First, it’s worth taking the time to develop a protagonist the reader will care deeply about. We’ve heard of the Monkeysphere — the theory that humans can only keep a certain number of people close to their hearts.  Along with family members and friends, we appear to have  room for fictional characters as well. Right, Netflix?

To develop engaging characters, it’s worth taking the time to list flaws and balancing strengths.  I see so many flawed protagonists in our subs box, but few of them achieve the balance that helps the reader take them to their hearts. Balance involves developing

  • inner and outer longings.
  • kindnesses and sacrifices.
  • falls and redemptions.

Look at the extraordinarily flawed and engaging Lisbeth Salander, The Girl With the Dragon Tattoo.  She’s not all flaws; in fact, her ferocious loyalty, physical strength, and world-beating intellect balance all the imperfections that make us love her.  Looking at my submissions inbox, it seems that there’s a lot of great work on developing flaws in characters, but not much attention to the strengths, as if somehow strengths were old-fashioned.

Once we create that engaging character, half our work in sustaining tension is done for us as the readers bring their own anxiety for the protagonist to the page.  The stakes, depending on our genre, may be survival, love and belonging, power, or freedom. These same stakes resonate with us all, through a character readers can believe in and take for our own.

I hope you’ll have another brilliant writing week.  Cheers, Mel.

Read more about Creative Ink

Four Quick Fixes for Chapter Starts and Finishes

galaxiesmallMost writing exercises are useful in some way or other, but some take us so swiftly and directly towards our goals, that they’re worth identifying and emphasizing. For example, taking a close look at the beginnings and endings of chapters.

  1. When changing POV character, it would seem a no-brainer that you want to get the new character up and identified as soon as possible. However, setting the reader directly into the character’s skin is more important still, while they’re learning whose skin they’re now wearing. The reader is naturally reluctant to leave the previous POV, and to name the new one too soon may cause the reader to set the book down rather than read on. To settle, see the next point.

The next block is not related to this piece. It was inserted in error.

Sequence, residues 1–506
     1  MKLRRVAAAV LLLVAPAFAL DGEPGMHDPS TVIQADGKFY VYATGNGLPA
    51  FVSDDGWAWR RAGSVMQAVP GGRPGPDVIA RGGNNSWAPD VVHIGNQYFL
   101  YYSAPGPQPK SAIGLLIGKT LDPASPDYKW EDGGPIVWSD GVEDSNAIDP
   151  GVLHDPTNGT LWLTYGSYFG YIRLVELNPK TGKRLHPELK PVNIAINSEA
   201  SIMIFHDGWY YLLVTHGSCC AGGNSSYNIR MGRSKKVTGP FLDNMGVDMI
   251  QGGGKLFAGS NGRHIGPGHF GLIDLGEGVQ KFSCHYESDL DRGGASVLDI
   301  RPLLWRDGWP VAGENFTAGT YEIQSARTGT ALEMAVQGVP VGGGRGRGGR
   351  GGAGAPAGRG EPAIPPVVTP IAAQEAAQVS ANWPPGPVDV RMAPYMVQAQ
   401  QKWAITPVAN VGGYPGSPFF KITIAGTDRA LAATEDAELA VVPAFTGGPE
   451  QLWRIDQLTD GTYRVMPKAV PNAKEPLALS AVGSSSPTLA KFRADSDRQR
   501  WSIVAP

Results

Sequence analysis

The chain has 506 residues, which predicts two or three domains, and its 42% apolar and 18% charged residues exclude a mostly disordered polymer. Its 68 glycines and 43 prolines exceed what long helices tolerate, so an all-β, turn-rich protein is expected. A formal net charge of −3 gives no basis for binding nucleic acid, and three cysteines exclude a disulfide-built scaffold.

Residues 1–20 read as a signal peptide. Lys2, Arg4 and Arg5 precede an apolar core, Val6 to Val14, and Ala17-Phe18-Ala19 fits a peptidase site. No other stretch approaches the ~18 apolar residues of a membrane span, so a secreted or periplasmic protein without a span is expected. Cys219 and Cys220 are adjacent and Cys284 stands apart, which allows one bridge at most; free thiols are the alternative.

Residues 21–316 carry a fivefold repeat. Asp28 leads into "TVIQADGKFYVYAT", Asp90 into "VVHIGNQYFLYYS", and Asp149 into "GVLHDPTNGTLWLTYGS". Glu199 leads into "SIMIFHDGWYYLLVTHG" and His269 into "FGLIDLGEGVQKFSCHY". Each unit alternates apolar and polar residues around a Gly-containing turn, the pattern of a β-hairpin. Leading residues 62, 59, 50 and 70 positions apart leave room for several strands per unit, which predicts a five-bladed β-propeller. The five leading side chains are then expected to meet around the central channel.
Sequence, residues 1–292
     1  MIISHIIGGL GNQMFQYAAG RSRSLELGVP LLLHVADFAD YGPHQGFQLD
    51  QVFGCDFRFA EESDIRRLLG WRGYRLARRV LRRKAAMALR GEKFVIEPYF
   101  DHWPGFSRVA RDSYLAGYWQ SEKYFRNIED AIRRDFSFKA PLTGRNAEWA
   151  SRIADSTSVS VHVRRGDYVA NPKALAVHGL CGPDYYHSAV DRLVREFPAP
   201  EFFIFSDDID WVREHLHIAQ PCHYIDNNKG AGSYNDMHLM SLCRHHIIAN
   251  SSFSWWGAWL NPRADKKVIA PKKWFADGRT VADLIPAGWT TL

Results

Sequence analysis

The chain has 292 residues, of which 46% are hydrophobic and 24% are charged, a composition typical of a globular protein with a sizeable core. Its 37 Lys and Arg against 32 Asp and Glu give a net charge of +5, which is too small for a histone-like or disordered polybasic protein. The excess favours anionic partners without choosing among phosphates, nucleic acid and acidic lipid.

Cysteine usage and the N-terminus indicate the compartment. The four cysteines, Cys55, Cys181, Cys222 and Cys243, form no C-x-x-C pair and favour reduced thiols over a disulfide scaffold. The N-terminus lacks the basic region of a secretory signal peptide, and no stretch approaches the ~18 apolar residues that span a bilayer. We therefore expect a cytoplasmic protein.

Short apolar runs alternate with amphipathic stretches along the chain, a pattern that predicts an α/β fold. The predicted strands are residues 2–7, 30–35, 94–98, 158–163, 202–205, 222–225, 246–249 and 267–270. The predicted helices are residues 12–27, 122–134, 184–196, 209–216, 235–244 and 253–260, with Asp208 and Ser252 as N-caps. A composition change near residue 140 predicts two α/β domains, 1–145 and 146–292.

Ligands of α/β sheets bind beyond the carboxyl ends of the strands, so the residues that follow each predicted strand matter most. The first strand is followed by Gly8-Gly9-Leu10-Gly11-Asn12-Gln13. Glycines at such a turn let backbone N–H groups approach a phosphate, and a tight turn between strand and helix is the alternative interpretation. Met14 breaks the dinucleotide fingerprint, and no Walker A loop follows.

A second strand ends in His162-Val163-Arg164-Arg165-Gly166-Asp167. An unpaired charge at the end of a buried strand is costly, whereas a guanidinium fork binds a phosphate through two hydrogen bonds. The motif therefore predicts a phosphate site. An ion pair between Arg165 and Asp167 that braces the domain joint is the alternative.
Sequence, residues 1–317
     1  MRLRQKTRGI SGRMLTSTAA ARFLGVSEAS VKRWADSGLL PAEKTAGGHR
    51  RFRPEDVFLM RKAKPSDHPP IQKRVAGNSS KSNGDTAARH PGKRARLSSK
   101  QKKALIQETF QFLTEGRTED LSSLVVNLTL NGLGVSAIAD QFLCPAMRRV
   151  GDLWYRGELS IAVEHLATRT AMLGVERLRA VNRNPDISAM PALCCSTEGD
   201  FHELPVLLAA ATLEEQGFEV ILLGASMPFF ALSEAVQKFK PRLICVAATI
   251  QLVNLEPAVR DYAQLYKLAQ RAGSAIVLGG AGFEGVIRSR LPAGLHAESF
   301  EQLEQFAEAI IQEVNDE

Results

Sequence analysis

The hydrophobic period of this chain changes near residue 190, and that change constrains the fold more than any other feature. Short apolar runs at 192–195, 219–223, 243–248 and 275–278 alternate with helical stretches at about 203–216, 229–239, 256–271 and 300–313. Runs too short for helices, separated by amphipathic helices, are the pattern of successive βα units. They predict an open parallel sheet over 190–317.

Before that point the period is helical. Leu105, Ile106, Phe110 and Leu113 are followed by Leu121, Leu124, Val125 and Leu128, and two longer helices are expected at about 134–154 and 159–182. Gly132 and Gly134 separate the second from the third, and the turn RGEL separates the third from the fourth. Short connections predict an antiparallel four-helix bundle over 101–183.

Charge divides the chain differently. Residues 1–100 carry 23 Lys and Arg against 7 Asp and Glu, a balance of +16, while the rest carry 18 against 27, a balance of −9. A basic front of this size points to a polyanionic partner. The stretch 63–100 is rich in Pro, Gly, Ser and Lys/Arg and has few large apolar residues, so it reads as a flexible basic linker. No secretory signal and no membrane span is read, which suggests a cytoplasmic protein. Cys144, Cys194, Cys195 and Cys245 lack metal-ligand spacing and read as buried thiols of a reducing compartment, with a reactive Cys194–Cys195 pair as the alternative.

2. At the start of every chapter, and arguably every scene, we want to cover time, place, setting, tone, promise of genre, and a hint at the central conflict.
  3. At the end of every chapter, it’s worth making sure that it doesn’t actually “finish.” A great sentence that feels like an ending to the conflict may cause the reader to close the book. Sometimes the sentence must be removed; sometimes it works to move it to the next chapter.
  4. Watching out for rhythms in positive and negative starts and stops is a subtle way to establish storytelling authority. As author Beverly Boissery once put it to me, chapters that always begin positively and end negatively, read flop flop flop. If a chapter ends negatively, consider beginning the new chapter negatively as well, and end it positively, with a hint at future conflict.

Chapter starts and endings set us up to keep reading, keep invested in the characters, and love the book. Whether drafting or revising, these are fairly easy fixes to create even greater narratives.

I hope you’ll have another great week in your writing career. Cheers, Mel


If you enjoy Mel Anastasiou’s writing tips, you might try her pocket-sized writing guide The Writer’s Boon Companion: Thirty Days Towards an Extraordinary Volume. Motivates, organizes, encourages, inspires.

From Pulp Literature Press